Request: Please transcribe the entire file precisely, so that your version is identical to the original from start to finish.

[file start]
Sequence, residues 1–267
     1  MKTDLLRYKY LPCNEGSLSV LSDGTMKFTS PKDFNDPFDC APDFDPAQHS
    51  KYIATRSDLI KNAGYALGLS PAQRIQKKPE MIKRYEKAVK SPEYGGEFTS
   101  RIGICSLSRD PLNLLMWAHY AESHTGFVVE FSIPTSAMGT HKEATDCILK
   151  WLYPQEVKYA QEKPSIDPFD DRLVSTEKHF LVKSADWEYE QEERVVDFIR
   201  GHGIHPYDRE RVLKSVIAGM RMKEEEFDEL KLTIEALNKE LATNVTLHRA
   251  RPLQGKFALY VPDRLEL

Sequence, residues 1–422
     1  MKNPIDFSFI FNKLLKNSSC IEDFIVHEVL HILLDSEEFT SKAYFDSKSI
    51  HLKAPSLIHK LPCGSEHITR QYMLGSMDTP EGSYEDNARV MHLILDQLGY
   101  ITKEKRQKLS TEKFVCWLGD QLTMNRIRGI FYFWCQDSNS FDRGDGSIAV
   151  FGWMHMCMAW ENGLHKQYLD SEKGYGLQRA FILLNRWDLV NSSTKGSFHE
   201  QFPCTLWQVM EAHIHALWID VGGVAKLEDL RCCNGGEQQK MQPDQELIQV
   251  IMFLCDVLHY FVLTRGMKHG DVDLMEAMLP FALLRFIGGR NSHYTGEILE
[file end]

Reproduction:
Sequence, residues 1–267
     1  MKTDLLRYKY LPCNEGSLSV LSDGTMKFTS PKDFNDPFDC APDFDPAQHS
    51  KYIATRSDLI KNAGYALGLS PAQRIQKKPE MIKRYEKAVK SPEYGGEFTS
   101  RIGICSLSRD PLNLLMWAHY AESHTGFVVE FSIPTSAMGT HKEATDCILK
   151  WLYPQEVKYA QEKPSIDPFD DRLVSTEKHF LVKSADWEYE QEERVVDFIR
   201  GHGIHPYDRE RVLKSVIAGM RMKEEEFDEL KLTIEALNKE LATNVTLHRA
   251  RPLQGKFALY VPDRLEL

Sequence, residues 1–422
     1  MKNPIDFSFI FNKLLKNSSC IEDFIVHEVL HILLDSEEFT SKAYFDSKSI
    51  HLKAPSLIHK LPCGSEHITR QYMLGSMDTP EGSYEDNARV MHLILDQLGY
   101  ITKEKRQKLS TEKFVCWLGD QLTMNRIRGI FYFWCQDSNS FDRGDGSIAV
   151  FGWMHMCMAW ENGLHKQYLD SEKGYGLQRA FILLNRWDLV NSSTKGSFHE
   201  QFPCTLWQVM EAHIHALWID VGGVAKLEDL RCCNGGEQQK MQPDQELIQV
   251  IMFLCDVLHY FVLTRGMKHG DVDLMEAMLP FALLRFIGGR NSHYTGEILE